*Loss of retail rent may also be a staw man as many new buildings struggle to rent their ground floor retail spaces too.

Michael Andersen
7 months ago
Reply to  Todd/Boulanger

Todd, how often is it cheaper to excavate an underground garage with a ramp than to forgo ground-floor tenants? I’d have guessed that the latter is less of a burden on a building.

Nick
Nick
7 months ago

Consider it relative to the huge expenditures for car parking that developers already make. If ebikes and such are going to “save the world” you have to have a place for people to store them, and it’s just not reasonable to assume that everyone can carry one up to their apartment.

Fred
Fred
7 months ago
Reply to  Nick

Are there no elevators?

Todd/Boulanger
7 months ago

Michael, good question.

Sorry I do not have up to date cost data for Portland since I have shifted over to the bikesharing biz 5 years ago. But it should be ‘backwards calculatable’ based on the current costs for underground car parking divided by square footage of a parking stall (~250 to 350 ft2) including access space. [In old downtown Vancouver…back when I was helping the CCC set up their Vancouver shop or help family with their retail moves pre 2010…basement space was generally included free with ground level rent…more recently its included but running at ~50% of ground level rent.]

There seems to be a movement to avoid major excavation costs for basement space by some developers / design teams in Portland. For example, when the Louisa Flowers Building design team was initially planning the building there was a plan to avoid creating a full basement, and only do a small bit of space for ‘mechanicals’…thus their initial plans to place the required resident / long term bike parking was at ground level.

In other markets…excavation for underground storage and mechanicals is not occurring so that critical utility panels, building HVAC, back up power generators / fuel storage etc. can be protected by being located on the top floor or just above future flood stage for a warming planet…like what I am seeing developers do in Kakaako / Ala Moana in Honolulu.

Serenity
Serenity
7 months ago

Commissioner Rene Gonzalez:

Are our climate goals more important than assuring affordability in the city?

Yes. If you can’t breathe, nothing else matters.

Champs
Champs
7 months ago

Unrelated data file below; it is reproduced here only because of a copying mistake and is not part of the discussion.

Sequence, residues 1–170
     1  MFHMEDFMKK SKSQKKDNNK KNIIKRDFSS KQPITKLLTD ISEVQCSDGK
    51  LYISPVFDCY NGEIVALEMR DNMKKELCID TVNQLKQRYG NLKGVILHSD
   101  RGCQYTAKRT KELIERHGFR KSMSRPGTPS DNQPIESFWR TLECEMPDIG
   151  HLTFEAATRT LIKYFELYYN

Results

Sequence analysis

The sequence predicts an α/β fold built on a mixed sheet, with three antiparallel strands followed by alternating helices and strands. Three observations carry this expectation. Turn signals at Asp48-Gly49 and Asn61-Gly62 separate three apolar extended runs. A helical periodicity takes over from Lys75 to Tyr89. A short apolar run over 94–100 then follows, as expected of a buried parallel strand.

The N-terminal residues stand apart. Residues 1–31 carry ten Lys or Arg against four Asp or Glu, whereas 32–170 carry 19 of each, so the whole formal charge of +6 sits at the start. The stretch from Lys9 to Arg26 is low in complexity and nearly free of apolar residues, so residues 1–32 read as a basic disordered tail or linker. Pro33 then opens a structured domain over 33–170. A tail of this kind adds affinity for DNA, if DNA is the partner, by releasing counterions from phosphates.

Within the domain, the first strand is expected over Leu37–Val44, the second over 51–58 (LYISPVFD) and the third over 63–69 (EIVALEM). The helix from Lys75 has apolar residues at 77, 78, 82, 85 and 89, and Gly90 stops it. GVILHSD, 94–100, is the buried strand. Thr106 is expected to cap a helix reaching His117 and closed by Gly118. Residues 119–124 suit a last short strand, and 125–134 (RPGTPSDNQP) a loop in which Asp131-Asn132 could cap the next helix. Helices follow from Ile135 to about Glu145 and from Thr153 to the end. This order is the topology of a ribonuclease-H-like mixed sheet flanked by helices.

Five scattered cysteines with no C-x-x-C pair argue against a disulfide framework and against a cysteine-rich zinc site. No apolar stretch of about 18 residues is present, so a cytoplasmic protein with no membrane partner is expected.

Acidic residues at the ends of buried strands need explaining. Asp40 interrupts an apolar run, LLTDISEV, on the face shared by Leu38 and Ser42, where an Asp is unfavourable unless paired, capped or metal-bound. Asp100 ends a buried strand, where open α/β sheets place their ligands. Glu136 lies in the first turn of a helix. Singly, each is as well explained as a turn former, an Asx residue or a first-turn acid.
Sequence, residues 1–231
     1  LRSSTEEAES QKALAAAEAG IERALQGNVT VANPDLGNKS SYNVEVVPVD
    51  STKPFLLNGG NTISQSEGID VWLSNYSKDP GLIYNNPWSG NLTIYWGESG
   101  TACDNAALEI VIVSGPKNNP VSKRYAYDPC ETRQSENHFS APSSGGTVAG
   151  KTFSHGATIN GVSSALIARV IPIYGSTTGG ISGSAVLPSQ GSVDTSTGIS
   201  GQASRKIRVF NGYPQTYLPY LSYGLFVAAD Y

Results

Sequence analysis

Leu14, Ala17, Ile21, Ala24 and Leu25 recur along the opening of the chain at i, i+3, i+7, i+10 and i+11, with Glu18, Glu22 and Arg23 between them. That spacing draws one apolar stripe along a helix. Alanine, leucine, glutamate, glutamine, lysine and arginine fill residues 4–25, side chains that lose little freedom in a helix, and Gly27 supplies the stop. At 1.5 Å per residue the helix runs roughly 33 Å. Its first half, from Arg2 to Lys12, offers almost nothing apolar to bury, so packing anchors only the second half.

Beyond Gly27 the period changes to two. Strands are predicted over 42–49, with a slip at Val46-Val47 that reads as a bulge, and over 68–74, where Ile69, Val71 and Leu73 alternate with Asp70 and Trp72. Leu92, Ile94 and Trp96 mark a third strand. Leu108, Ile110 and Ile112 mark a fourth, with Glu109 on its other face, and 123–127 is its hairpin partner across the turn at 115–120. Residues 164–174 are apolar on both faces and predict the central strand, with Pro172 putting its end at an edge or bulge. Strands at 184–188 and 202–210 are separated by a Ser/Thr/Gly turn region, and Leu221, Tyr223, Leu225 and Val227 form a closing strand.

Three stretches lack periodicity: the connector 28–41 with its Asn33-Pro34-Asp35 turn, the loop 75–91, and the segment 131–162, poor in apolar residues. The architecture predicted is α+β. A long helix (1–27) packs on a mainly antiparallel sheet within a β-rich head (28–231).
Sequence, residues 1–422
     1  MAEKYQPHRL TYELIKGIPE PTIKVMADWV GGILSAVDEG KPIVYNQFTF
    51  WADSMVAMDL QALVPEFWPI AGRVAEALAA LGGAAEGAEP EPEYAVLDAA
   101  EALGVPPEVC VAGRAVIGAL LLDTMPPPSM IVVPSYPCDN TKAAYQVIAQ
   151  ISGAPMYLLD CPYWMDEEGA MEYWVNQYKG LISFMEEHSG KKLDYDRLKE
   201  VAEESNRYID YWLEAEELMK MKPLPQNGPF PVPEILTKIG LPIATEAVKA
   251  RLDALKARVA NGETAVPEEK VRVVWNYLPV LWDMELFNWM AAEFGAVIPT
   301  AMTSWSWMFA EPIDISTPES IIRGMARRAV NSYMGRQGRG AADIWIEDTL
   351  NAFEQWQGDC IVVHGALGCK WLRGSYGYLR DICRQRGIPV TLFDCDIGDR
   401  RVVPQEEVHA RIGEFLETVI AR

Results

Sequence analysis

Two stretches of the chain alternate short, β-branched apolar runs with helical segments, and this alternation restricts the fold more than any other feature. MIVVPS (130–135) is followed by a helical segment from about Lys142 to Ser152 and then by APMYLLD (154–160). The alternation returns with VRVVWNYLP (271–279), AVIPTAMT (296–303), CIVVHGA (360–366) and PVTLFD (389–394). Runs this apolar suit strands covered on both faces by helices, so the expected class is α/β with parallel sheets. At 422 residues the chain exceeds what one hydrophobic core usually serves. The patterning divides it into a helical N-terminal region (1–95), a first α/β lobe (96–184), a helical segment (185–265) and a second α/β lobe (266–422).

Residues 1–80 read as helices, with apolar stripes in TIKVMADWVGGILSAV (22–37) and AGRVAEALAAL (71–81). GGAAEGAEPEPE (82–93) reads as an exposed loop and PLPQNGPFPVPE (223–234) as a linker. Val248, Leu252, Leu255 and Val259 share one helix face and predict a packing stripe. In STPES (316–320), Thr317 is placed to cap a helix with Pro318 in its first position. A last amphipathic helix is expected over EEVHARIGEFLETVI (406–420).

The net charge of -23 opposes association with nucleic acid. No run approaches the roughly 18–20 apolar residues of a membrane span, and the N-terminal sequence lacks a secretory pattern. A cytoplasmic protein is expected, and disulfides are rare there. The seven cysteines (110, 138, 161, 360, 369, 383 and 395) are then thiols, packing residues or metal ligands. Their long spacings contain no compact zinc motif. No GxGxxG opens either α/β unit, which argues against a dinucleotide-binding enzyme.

If you’ve looked for a rental in the last ten years, pet wash stations that nobody will ever use (except for you, dear reader) are famous indicators of expensive apartments. Something tells me that a room with a few sinks and floor drains isn’t why the rent is too damn high.

The bike room next to it costs $11k per unit. That’s pretty much $100/mo for the next ten years. Choose a longer timeline if you want, just be sure to include the interest. That cost, like any parking minimum, is passed down to you. Personally, I think my bike is safer inside my apartment anyway…

Watts
Watts
7 months ago
Reply to  Champs

Are you saying that if the bike room had not been built, the rent would be $100 lower? Why would any building owner forgo that $100 if people are willing to pay it?

Michael Andersen
7 months ago
Reply to  Watts

Because if they don’t, other buildings will charge $100 less and nobody will sign your leases. This is also why Fred Meyer “forgoes” the $100 they could legally charge for cheddar cheese.

Aaron
7 months ago
Reply to  Champs

A lot of that “cost” is calculated as potential lost profit from a hypothetical high rent commercial space that would be in that space instead. Except there isn’t exactly a lack of vacant ground level retail space in this city so I don’t really think that’s a compelling argument, it’s not like it would be snatched right up at the desired rent that they used for this calculation.

It’s like saying storing a box of holiday decorations in your garage is costing you $2k a month because you’re not able to rent that space out to a millionaire looking for a place to store their Ferrari. Are there millionaires looking for a garage to store their Ferrari? Yeah probably, but your garage was never on the list anyways so it’s not really a reasonable “cost” to claim.

Fred
Fred
7 months ago
Reply to  Aaron

Comment of the week! All of these “lost profits” are just fantasies.

Trike Guy
Trike Guy
7 months ago

Fortunately my current apt is well below market rate, and thanks to the recent rent increase cap legislation will stay there for a number of years.

As a result I can be very picky about where I live – and it will *never* be somewhere that I can’t have my bike/trike outside my apt but as accessible as a car.

Unfortunately too few people have the same requirement, so the developers of these cash cow apartments won’t lose any money because they don’t provide at least as good a parking as they do for cars.

Aaron
7 months ago
Reply to  Trike Guy

Yeah it can be a really frustrating requirement. I can’t rent most apartments in Portland because I have a roughly 100lb cargo bike that I can’t carry up/down stairs for apartment storage. That means I can basically only live in a house with a garage or “specialty” apartments with spacious and secured ground-level bike parking like the ones in this article’s picture. Really limits choices and drives me towards higher expense housing, and it would be a lot easier if I just decided to drive a car and be a part of the problem with everybody else.